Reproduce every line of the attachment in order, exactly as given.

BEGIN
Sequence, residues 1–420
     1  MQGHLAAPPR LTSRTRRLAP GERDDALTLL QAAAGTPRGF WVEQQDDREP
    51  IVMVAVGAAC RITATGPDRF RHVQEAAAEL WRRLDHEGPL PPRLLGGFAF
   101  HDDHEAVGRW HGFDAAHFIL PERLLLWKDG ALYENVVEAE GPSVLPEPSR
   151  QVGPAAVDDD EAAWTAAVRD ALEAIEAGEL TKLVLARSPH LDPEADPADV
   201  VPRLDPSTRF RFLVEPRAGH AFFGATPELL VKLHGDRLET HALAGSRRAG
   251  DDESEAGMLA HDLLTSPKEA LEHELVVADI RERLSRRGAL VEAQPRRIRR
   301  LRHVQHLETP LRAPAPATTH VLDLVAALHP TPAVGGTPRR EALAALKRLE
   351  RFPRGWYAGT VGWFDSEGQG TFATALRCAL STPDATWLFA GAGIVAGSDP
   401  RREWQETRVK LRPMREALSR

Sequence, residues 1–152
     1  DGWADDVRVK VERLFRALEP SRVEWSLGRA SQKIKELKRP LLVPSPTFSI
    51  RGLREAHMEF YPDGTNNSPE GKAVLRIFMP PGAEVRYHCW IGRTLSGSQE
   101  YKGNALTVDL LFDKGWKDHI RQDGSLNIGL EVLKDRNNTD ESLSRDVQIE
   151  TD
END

Sequence, residues 1–420
     1  MQGHLAAPPR LTSRTRRLAP GERDDALTLL QAAAGTPRGF WVEQQDDREP
    51  IVMVAVGAAC RITATGPDRF RHVQEAAAEL WRRLDHEGPL PPRLLGGFAF
   101  HDDHEAVGRW HGFDAAHFIL PERLLLWKDG ALYENVVEAE GPSVLPEPSR
   151  QVGPAAVDDD EAAWTAAVRD ALEAIEAGEL TKLVLARSPH LDPEADPADV
   201  VPRLDPSTRF RFLVEPRAGH AFFGATPELL VKLHGDRLET HALAGSRRAG
   251  DDESEAGMLA HDLLTSPKEA LEHELVVADI RERLSRRGAL VEAQPRRIRR
   301  LRHVQHLETP LRAPAPATTH VLDLVAALHP TPAVGGTPRR EALAALKRLE
   351  RFPRGWYAGT VGWFDSEGQG TFATALRCAL STPDATWLFA GAGIVAGSDP
   401  RREWQETRVK LRPMREALSR

Sequence, residues 1–152
     1  DGWADDVRVK VERLFRALEP SRVEWSLGRA SQKIKELKRP LLVPSPTFSI
    51  RGLREAHMEF YPDGTNNSPE GKAVLRIFMP PGAEVRYHCW IGRTLSGSQE
   101  YKGNALTVDL LFDKGWKDHI RQDGSLNIGL EVLKDRNNTD ESLSRDVQIE
   151  TD